Suzie Brewster

I spotted him on the campus of Southwestern Oklahoma State University. He had a smile that would captivate any heart. I didn't know him then, but he would soon completely change my life.

A few weeks later, this man about campus, Bill Brewster, wandered into the area where we were building a homecoming float and asked me to go for a Coke. That first visit led to a date for the weekend game and, ultimately, to a trip to Petrolia, Texas, to meet "The Parents."

We pulled up in front of his home across from the high school where both of his parents worked. We met his mother, and his father arrived shortly after, announcing there was at least an hour and a half of shooting light left. So, after a brief hello, Bill, his father and their dog made a hasty retreat for a quail hunt. Just exactly what a quail hunt entailed was foreign to me at the time. His mother soon left to fulfill her duties as gatekeeper for the evening's basketball game ∧ after asking me to cook dinner!

That story is 37 years old, and those who know me now can't believe that I was ever a novice when dealing with hunting or firearms. I did survive the weekend and ultimately the wedding, but I still had not completely grasped the whole idea of spending time (in fact a lot of time) in search of quail. I thought I would see my new spouse during our first years of marriage, but it seemed as if the 'call of the wild' surpassed all other needs in this man's world.

Hunting As A Way Of Life
Bill finally invited me to go dove hunting with him. Little did I know that the real invitation was to sit quietly in a ditch and retrieve the doves once the 'great hunter' had sent them into a freefall. Needless to say, it didn't take long to discover that I had a lot to learn about the world of hunting.

Well, time marched on. We had children, settled down and started life on somewhat of a normal pace. We did have one constant in our lives: the annual family hunting trip the day after Christmas.

I explained to my spouse that I was not going on these hunting trips to wait on everyone else. We established the rule that if you cooked the meal, you didn't have to do the dishes. You can bet that the level of cooperation certainly picked up, and it seemed as if maybe there was an equitable place for a female on the hunting outings.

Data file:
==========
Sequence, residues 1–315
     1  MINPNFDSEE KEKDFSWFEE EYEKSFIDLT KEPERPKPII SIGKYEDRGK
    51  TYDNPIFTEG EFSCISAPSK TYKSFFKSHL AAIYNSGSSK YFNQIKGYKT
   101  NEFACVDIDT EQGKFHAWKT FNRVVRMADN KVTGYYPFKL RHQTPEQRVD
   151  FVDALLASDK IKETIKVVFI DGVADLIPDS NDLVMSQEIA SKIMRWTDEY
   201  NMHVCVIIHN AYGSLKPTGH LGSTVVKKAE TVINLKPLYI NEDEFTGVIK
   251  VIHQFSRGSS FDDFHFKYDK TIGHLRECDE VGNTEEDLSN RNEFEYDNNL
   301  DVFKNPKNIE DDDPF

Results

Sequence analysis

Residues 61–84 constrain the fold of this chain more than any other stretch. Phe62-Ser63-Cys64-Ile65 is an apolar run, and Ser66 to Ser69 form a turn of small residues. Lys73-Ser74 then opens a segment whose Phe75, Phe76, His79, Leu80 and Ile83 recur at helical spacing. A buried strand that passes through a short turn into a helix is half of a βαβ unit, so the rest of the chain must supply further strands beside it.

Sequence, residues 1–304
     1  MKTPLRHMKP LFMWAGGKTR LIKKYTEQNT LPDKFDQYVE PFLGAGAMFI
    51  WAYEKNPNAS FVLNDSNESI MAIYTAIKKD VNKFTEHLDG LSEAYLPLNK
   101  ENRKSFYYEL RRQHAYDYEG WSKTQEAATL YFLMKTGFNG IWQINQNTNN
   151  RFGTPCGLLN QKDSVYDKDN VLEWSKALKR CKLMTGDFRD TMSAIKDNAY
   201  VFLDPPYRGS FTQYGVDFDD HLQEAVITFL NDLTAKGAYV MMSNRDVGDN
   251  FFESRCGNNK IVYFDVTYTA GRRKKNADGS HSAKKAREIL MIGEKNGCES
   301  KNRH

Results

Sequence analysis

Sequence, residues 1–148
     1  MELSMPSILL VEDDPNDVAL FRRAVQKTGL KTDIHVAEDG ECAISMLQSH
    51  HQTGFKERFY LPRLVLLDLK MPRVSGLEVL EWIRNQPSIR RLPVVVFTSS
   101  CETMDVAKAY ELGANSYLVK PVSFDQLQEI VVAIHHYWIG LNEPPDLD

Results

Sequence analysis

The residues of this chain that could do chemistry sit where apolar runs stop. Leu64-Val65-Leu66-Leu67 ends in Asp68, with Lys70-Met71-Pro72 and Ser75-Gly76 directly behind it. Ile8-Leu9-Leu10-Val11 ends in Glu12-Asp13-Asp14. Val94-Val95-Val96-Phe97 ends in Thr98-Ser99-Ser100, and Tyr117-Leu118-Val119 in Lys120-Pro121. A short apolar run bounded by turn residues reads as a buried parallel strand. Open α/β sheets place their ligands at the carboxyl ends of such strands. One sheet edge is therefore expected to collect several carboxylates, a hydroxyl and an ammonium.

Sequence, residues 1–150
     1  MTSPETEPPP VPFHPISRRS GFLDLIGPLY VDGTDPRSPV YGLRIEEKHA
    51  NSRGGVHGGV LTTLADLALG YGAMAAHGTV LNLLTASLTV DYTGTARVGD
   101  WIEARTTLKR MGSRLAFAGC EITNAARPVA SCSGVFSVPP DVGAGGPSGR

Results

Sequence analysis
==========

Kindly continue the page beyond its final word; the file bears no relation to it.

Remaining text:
At this point, hunting, to me, was taking one whitetail a year. Two of our three children began deer hunting at an early age. Our lives seemed to be just like everyone else's, until my husband decided to run for public office. Still, there was time for an occasional hunting trip and the long-awaited Christmas hunt.

The Ultimate Hunt
I'm sure some of you have seen the bumper sticker that reads, "Hunt with your kids, not for them." On January 31, 1990, that statement came to mean something entirely different to me.

Our family began the day in Marietta, Okla., where we announced Bill's candidacy for Congress. We flew around the state in three planes making the announcement. Bill and I headed to Oklahoma City to take care of some business, while our children flew back to Marietta in the other two planes. The plane carrying our 16-year-old daughter, Kecia, and our 13-year-old son did not return to the airport on schedule.

The "hunt" began at daybreak on Wednesday and lasted until Sunday afternoon, when the plane was finally found. Our worst fear was indeed fact, and everything in my world as I had known it was at a standstill. Time does help heal the pain, but nothing erases parents' memory of their precious children.

Hunting Again
I began to realize that if Bill was ever going to be able to enjoy hunting again, the activity that was such a major part of his life before, I would have to become more involved in hunting myself. Every man needs a hunting buddy, and I was determined to become my husband's best partner.

I committed to a variety of hunting activities. I began really learning shotgun skills, and that's when I discovered turkey hunting. I can still vividly remember my first turkey hunt. I remember my heart pounding while watching the approaching bird. I can also recall how the bird soared into the air on his departure, as I continued to sit still just as I had been told to do. "Why didn't you shoot?" my guide asked. And I replied, "You told me not to move!"

Suzie Brewster owns her own consultant company in Washington, D.C., and is chairman of the Washington Women's Shooting Club, which she helped found in 1994. She is an avid hunter and firearms instructor.

[story and photo courtesy of the National Wild Turkey Federation]